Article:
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US swine flu outbreak spikes

Today the US Centers for Disease Control and Prevention (CDC) announced that the number of reported cases in an ongoing outbreak of a strain of the H3N2 animal influenza virus (H3N2v) that transmits between pigs and humans has jumped to 145 in the past week.


On 3 August, CDC officials reported 16 total cases of H3N2v infection. In all cases, patients interacted with pigs either in their occupation or at local agricultural fairs, suggesting that the virus has not yet evolved the ability to efficiently transmit between humans. CDC first reported the variant in a 12-case outbreak from July to December 2011, with two instances of suspected weak human-to-human transmission. This week’s surge may be partially due to a change in protocol: states can now confirm positive test results before further CDC testing. But, CDC influenza division chief Joseph Bresee warned in a press teleconference today, “We’re seeing a big increase, and we think it’s a real increase.”

The outbreak covers four states, with one case in Hawaii, one in Illinois, 30 in Ohio and 113 in Indiana. Indiana’s count rose to 120 today, according to the state’s health department, and Bresee expects a continued increase in the coming weeks. The symptoms are mild and similar to those of seasonal flu, and so far the outbreak has resulted in only two hospitalizations. More than 90% of the cases have been in children — probably because many adults may have antibodies that can handle the strain.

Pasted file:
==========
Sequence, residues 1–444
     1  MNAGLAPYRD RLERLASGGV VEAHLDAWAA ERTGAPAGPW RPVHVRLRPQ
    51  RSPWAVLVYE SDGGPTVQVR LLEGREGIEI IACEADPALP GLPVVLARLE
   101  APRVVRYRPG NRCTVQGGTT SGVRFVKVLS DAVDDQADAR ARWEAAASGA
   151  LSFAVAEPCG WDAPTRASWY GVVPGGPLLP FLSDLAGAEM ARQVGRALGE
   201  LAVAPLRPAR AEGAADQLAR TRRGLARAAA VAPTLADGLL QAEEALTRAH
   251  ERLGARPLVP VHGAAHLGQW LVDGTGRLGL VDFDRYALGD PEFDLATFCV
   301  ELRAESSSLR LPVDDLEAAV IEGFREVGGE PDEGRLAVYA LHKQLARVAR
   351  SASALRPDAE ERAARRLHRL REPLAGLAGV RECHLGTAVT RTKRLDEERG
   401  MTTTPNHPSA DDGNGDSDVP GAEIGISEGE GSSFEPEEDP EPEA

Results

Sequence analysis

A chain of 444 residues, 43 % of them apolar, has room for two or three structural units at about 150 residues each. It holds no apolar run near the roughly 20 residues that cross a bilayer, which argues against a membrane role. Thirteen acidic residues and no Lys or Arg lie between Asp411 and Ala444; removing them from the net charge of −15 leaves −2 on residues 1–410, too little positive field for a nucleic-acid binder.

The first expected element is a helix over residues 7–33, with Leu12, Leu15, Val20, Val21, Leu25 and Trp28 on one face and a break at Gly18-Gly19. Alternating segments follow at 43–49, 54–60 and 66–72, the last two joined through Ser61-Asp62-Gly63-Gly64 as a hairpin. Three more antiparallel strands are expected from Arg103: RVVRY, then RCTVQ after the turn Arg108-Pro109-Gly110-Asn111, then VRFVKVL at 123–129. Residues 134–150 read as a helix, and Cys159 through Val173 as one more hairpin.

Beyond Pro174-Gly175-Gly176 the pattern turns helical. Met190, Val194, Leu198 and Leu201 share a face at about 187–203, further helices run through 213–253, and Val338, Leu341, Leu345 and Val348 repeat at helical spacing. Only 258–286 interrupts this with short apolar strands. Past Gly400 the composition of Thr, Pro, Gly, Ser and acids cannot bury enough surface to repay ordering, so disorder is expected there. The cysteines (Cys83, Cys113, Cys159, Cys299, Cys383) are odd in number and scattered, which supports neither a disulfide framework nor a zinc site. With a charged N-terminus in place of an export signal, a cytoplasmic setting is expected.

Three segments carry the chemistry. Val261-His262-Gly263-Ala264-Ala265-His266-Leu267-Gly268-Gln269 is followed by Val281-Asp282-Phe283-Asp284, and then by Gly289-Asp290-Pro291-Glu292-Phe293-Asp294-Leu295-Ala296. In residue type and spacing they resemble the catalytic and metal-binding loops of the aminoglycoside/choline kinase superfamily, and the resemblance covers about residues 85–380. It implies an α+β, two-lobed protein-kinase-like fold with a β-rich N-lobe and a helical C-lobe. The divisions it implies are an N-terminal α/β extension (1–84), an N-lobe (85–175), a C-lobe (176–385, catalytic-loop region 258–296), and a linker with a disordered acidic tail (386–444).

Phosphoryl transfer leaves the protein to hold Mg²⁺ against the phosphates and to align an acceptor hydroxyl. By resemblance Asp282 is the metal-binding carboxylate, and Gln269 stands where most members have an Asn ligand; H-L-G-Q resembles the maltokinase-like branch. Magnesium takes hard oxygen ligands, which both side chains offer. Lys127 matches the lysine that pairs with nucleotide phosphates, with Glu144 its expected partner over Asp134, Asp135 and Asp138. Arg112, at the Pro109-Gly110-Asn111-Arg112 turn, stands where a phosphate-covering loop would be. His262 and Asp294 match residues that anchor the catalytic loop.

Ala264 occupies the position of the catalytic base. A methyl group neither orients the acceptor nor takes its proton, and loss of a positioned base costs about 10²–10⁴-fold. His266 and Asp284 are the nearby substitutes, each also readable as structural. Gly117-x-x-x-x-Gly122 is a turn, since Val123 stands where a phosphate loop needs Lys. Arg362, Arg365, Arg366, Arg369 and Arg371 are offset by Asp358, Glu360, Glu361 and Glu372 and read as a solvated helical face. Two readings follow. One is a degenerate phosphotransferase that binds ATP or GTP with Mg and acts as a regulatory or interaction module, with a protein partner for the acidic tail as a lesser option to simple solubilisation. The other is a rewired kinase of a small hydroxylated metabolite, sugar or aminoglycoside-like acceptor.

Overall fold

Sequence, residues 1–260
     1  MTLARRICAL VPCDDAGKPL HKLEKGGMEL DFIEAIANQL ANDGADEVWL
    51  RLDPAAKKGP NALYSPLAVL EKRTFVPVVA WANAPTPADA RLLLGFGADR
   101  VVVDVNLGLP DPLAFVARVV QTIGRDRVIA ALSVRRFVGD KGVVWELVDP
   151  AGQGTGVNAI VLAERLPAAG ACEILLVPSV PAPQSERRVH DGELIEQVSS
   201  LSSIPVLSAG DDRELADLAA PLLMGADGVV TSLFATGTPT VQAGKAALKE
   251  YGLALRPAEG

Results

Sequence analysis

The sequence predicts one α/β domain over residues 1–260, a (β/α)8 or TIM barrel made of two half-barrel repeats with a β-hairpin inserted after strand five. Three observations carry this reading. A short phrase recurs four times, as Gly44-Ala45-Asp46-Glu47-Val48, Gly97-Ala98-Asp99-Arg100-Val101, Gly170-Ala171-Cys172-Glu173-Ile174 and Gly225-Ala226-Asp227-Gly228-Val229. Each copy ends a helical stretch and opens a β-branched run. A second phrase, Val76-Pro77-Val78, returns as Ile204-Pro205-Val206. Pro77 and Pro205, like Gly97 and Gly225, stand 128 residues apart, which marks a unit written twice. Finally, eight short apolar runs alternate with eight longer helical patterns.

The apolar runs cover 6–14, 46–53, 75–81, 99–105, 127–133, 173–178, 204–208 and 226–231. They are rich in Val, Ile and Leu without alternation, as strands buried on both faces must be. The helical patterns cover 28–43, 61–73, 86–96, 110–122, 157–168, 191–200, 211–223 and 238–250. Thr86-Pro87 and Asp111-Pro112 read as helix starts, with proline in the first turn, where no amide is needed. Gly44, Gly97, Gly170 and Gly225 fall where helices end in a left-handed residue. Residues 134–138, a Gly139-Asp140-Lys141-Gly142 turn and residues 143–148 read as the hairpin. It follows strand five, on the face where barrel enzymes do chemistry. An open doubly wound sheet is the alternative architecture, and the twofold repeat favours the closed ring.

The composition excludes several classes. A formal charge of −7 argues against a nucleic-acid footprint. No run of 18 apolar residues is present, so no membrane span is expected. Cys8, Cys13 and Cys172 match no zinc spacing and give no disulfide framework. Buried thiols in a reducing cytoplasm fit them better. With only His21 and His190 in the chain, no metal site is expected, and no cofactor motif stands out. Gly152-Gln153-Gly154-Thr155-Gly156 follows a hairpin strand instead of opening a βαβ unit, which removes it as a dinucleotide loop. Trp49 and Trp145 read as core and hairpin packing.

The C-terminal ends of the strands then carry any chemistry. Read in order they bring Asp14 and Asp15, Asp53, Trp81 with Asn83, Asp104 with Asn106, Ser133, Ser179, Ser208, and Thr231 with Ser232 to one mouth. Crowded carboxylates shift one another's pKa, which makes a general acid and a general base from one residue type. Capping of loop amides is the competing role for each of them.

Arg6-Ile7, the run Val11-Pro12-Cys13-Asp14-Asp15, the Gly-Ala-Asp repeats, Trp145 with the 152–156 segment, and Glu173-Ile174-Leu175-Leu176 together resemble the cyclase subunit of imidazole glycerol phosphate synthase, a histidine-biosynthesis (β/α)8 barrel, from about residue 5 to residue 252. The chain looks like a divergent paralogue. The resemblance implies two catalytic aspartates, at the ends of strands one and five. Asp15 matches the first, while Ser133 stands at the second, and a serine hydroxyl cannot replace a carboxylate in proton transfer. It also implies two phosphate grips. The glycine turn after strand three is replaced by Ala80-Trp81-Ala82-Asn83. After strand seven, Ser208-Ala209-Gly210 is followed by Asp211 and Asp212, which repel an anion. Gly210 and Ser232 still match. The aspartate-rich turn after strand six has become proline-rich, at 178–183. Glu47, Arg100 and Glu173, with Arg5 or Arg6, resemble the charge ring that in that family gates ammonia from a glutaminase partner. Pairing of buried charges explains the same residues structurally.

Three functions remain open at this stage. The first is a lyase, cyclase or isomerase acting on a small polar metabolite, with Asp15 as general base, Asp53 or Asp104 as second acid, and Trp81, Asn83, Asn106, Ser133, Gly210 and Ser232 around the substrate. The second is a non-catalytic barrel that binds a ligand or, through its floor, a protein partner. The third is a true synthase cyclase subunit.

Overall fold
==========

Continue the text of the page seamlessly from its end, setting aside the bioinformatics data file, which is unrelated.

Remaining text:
Virologists suspect that the H3N2v strain arose from swine flu strains exchanging genetic material in a process called reassortment. What raises eyebrows is that the H3N2 virus carries a gene found in the H1N1 strain that caused a swine flu pandemic in 2009. This matrix, or M, gene may influence transmissibility. If so, the current strain offers an opportunity to study how transmission evolves over the course of an outbreak. “This is still unfolding, and we have a lot to do to understand both the biology in the natural host, pigs, and the sporadic human infections,” says Ruben Donis, a virologist with the CDC’s influenza division.

According to Bresee, the seasonal flu vaccine probably won’t be affective against the strain, but it could be a reason that adults are less susceptible. A vaccine candidate for H3N2v is slated for clinical trials this year.

Image credit: CDC


  1. Report this comment

    Henry Niman said:

    The 2012 sub-clade is novel and matches the 2011 cluster at the West Virginia day care center, which was linked to 23 ILI cases.

  2. Report this comment

    Henry Niman said:

    The CDC has released a series of sequences from July, 2012 cases from a farmer in Maui, Hawaii (A/Hawaii/03/2012), 4 cases from the LaPorte County Fair (A/Indiana/06/2012, A/Indiana/07/2012, A/Indiana/08/2012, A/Indiana/09/2012), 1 case from the Jackson County Fair (A/Indiana/12/2012), and 1 case from the Butler County Fair (A/Ohio/13/2012). All isolates were closely related and had an NA which matched NA in swine H3N2, which was distinct from the first 10 reported human cases in 2011 (which had an NA matching a swine H1N2 lineage).
    The novel sub-clade in the July cases matched the sequences from the 2011 West Virginia day care center cluster (A/West Virginia/06/2012 and A/West Virginia/07/2012) which had no swine contact or exposure and 23 contacts of teh index case had ILI. This sub-clade was also identified in the first 2012 H3N2v case, A/Utah/20/2012.
    These data highlight a novel sub-clade circulting in humans, and was only identified in 2 swine isolates prior to the July cases.

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